Australian Black Hawk inquiry completed

UPDATING THE previous reports on the collision on June 12, 1996, of Australian Army/5th Avn Rgt S-70A-9 Black Hawks A25-109 and A25-113 (Whte-Offs, August, November 1996 and January 1997), on March 6, 1997, the final findings of the board of inquiry were announced in Parliament, revealing many separate factors which had combined to cause the tragedy. These included undertaking the exercise with no formal reconnaissance and little co-operation between the SAS and Army pilots. No aerial photographs had been supplied and the pre-flight briefing had used an inaccurate diagram, while the pilots flew too low during the exercise and most knew they were off-track but failed to inform the leader.

In addition, the target area proved difficult to see through night vision goggles, partly because of shadows cast by high ground backed by the sunset afterglow. Some crew were inappropriately qualified or lacking proficiency, reconnaissance briefings were inaccurate, orders failed to address changes and procedures, some crew failed to resolve conflicting information before the mission, faulty data on the objective was relied on, the mission was changed from day to night without rehearsal and there was a lack of experience and deficiencies in leadership of the lead helicopter.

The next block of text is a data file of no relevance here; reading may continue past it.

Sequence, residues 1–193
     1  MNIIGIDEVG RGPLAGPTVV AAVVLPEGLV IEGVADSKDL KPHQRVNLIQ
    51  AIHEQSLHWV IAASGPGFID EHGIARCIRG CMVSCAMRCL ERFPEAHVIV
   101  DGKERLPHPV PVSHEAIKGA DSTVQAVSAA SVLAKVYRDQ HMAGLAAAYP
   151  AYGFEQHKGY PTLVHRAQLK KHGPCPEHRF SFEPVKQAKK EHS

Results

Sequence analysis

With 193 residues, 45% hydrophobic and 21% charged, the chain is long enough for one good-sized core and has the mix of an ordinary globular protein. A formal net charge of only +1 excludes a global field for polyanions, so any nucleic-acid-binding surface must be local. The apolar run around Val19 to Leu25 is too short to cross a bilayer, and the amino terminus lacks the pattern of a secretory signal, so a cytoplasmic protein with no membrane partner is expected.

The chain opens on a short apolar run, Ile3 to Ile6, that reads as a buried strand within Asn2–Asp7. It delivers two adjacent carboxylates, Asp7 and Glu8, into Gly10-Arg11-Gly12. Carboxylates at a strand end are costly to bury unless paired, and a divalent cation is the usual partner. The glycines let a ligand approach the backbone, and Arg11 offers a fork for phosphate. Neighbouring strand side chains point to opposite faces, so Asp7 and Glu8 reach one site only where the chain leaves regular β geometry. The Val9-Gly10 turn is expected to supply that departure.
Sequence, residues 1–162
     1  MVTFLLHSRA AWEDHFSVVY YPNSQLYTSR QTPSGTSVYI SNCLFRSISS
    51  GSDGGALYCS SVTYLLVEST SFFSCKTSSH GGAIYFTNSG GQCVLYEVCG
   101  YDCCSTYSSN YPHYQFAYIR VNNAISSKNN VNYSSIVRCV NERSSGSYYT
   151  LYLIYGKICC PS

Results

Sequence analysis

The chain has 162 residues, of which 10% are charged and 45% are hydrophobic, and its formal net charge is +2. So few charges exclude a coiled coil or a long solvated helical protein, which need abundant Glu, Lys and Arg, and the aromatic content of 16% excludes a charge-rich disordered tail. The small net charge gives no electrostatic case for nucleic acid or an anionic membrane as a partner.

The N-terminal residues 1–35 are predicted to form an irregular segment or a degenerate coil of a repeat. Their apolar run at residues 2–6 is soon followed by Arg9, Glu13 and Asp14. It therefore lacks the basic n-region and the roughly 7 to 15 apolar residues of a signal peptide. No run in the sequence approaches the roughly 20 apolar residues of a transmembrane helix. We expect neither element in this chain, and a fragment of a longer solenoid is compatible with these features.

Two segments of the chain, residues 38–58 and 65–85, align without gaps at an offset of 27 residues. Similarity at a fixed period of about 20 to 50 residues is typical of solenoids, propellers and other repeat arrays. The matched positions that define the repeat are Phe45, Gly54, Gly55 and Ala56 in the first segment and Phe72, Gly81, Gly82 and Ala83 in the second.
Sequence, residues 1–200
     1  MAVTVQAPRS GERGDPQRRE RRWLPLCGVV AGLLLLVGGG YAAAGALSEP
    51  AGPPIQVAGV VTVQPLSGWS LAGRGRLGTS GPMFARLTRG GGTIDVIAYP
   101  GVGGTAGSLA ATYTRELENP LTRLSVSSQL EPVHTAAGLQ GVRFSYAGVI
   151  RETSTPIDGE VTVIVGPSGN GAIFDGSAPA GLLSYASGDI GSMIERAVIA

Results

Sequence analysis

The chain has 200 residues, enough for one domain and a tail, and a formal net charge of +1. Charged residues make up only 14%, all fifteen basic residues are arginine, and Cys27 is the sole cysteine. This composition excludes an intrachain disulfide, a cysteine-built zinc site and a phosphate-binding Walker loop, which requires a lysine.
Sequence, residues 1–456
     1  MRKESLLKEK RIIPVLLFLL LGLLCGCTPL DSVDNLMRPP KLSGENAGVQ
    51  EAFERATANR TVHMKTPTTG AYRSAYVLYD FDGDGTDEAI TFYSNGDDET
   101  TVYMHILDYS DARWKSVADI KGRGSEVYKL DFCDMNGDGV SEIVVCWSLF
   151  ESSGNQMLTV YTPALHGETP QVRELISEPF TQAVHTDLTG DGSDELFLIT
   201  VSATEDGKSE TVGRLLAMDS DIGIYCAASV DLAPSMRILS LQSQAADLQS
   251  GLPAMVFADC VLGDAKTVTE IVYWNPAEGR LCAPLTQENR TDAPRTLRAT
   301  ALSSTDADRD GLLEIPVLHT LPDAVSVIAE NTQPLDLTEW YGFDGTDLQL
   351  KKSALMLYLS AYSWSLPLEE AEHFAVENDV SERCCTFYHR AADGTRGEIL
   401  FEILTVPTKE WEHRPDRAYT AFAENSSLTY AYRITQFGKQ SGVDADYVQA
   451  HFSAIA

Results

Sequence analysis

The inquiry recommended that disciplinary action be considered against five members of the Australian Defence Force, the potential charges relating to negligence, deficiencies in the exercise of command and errors in judgement. It also found contributory factors which included a fall in aircrew proficiency because of a shortage of serviceable Black Hawks in the previous two years, and a lack of experienced crews because so many experienced pilots had quit the service.

As a result of the inquiry, an Australian Defence Force Flying Safety Authority will be established and be responsible for maintaining flying safety standards in all arms of the military. Night-flying, anti-terrorist exercises will not be resumed until aircrew have been sufficiently trained to undertake them safely. Some 79 recommendations were made by the inquiry board to improve safety and a wide-ranging plan to implement these has now begun. These included a review of training and command procedures, an examination of new and improved equipment, including mid-air collision alarms and crash data recorders. The Army will also look at a series of measures, including bonuses, to keep pilots in the service longer.

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